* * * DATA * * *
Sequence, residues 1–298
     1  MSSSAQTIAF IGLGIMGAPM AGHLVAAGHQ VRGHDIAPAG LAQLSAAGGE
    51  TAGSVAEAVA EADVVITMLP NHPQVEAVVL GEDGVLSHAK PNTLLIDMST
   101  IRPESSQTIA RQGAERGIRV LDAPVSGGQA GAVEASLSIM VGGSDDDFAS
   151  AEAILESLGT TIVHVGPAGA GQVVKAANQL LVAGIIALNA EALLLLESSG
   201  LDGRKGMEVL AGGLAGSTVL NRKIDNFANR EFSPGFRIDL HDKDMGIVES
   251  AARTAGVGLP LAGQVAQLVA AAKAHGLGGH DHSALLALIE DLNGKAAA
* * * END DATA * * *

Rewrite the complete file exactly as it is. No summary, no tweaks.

Sequence, residues 1–298
     1  MSSSAQTIAF IGLGIMGAPM AGHLVAAGHQ VRGHDIAPAG LAQLSAAGGE
    51  TAGSVAEAVA EADVVITMLP NHPQVEAVVL GEDGVLSHAK PNTLLIDMST
   101  IRPESSQTIA RQGAERGIRV LDAPVSGGQA GAVEASLSIM VGGSDDDFAS
   151  AEAILESLGT TIVHVGPAGA GQVVKAANQL LVAGIIALNA EALLLLESSG
   201  LDGRKGMEVL AGGLAGSTVL NRKIDNFANR EFSPGFRIDL HDKDMGIVES
   251  AARTAGVGLP LAGQVAQLVA AAKAHGLGGH DHSALLALIE DLNGKAAA